5 years ago

Analyzing Liposomal Drug Delivery Systems in Three-Dimensional Cell Culture Models Using MALDI Imaging Mass Spectrometry

Analyzing Liposomal Drug Delivery Systems in Three-Dimensional Cell Culture Models Using MALDI Imaging Mass Spectrometry
Eric M. Weaver, Jessica K. Lukowski, Amanda B. Hummon
Cancer chemotherapeutics often fail to reach all diseased cells. To help solve this problem, researchers are investigating novel drug delivery systems. Liposomes are an attractive option due to their low toxicity, high biocompatibility, and potential to carry a large amount of a drug to the tumor site, all while avoiding being eliminated from the body. This study evaluates the penetration of doxorubicin-encased liposomes into three-dimensional cell cultures, or spheroids. Liposomes composed of lipids containing head groups of phosphatidylcholine (PC), phosphatidylethanolamine (PE), and cholesterol were created by extrusion. Doxorubicin is encapsulated within the hydrophilic core of the liposome. The drug is actively released in the spheroid as the lipids bind to cellular lipid bilayers. Spheroids were dosed with liposomal doxorubicin, free doxorubicin, or media control to assess drug distribution over the course of 72 h. Drug penetration was visualized by Matrix-Assisted Laser Desorption/Ionization–Imaging Mass Spectrometry (MALDI–IMS) with confirmation by steady state fluorescence microscopy, creating a comprehensive picture of drug distribution. This technique is able to identify both free and liposomal doxorubicin throughout the spheroid after just 12 hours of treatment. Additionally, MALDI–IMS is able to detect three metabolites of doxorubicin, indicating that cells actively metabolize the drug during treatment. Steady state fluorescence microscopy cannot distinguish the drug from its metabolites as they have the same emission spectra. This report summarizes the first study to use MALDI–IMS to analyze drug penetration of a liposomal drug carrier as well as its metabolites.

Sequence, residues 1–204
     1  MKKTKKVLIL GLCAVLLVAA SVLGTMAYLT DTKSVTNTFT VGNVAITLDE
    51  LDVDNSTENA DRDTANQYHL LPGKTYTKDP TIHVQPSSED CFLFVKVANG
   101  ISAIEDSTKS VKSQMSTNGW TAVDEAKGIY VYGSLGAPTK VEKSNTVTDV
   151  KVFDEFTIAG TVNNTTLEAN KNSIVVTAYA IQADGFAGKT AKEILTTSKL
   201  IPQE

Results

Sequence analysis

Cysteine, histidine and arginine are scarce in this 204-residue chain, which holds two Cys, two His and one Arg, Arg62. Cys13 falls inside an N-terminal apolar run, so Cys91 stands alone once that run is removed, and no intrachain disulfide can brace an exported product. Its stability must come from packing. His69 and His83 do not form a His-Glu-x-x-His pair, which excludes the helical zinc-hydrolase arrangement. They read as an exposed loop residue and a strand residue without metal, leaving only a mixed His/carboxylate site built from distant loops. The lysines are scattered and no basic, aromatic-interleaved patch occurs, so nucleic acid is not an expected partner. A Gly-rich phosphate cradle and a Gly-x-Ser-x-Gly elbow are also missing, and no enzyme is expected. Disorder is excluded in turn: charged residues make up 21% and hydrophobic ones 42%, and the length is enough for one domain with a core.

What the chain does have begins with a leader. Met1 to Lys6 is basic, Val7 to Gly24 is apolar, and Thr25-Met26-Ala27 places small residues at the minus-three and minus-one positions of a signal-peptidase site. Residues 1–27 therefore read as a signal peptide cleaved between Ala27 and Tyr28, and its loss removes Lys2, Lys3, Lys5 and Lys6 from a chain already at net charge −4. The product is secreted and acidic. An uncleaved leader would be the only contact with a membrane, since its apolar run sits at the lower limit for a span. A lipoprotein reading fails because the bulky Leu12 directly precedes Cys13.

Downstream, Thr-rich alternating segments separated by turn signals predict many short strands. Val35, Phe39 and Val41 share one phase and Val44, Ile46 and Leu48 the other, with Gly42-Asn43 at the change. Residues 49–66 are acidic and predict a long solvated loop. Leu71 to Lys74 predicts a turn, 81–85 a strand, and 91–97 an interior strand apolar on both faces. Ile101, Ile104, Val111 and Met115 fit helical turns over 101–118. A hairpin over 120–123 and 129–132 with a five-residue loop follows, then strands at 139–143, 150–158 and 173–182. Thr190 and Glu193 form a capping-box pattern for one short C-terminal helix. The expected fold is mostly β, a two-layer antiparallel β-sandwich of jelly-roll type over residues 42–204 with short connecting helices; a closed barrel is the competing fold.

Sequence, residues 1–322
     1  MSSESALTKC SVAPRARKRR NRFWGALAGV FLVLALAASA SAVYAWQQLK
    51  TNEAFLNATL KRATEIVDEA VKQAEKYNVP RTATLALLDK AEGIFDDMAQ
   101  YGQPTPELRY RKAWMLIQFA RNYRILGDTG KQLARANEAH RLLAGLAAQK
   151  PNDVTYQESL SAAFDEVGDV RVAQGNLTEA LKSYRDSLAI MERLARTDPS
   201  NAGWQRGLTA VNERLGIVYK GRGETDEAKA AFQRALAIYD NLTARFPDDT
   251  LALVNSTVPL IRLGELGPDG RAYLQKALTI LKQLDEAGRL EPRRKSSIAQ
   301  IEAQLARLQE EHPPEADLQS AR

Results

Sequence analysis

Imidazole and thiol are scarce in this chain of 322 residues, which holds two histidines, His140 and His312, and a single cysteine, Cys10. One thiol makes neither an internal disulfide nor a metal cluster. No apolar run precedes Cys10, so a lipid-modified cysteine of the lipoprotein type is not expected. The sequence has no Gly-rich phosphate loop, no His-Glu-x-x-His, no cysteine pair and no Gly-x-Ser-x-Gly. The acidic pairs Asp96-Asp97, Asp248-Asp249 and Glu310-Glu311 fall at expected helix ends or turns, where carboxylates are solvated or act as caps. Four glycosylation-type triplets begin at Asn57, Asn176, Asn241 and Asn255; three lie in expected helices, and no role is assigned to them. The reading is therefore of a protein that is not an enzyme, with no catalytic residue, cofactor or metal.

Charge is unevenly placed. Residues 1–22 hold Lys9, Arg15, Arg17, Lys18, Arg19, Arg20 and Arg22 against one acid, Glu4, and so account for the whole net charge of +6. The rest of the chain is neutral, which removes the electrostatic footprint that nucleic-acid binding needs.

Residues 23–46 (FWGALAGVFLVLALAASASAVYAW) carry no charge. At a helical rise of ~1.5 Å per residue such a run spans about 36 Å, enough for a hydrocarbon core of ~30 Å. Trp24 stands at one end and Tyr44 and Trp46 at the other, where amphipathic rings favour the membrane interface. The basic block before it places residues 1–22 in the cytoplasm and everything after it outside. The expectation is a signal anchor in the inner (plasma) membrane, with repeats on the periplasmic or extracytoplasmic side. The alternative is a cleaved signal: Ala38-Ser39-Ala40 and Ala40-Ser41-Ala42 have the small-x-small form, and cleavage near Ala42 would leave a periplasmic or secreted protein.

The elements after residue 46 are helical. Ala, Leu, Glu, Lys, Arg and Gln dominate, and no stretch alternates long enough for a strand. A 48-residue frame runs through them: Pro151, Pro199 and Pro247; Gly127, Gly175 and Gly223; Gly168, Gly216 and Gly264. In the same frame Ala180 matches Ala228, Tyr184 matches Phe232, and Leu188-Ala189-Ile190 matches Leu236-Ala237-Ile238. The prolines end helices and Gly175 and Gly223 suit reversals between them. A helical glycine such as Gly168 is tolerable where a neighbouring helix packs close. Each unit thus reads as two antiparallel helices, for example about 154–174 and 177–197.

Publisher URL: http://dx.doi.org/10.1021/acs.analchem.7b02006

DOI: 10.1021/acs.analchem.7b02006

You might also like
Discover & Discuss Important Research

Keeping up-to-date with research can feel impossible, with papers being published faster than you'll ever be able to read them. That's where Researcher comes in: we're simplifying discovery and making important discussions happen. With over 19,000 sources, including peer-reviewed journals, preprints, blogs, universities, podcasts and Live events across 10 research areas, you'll never miss what's important to you. It's like social media, but better. Oh, and we should mention - it's free.

  • Download from Google Play
  • Download from App Store
  • Download from AppInChina

Researcher displays publicly available abstracts and doesn’t host any full article content. If the content is open access, we will direct clicks from the abstracts to the publisher website and display the PDF copy on our platform. Clicks to view the full text will be directed to the publisher website, where only users with subscriptions or access through their institution are able to view the full article.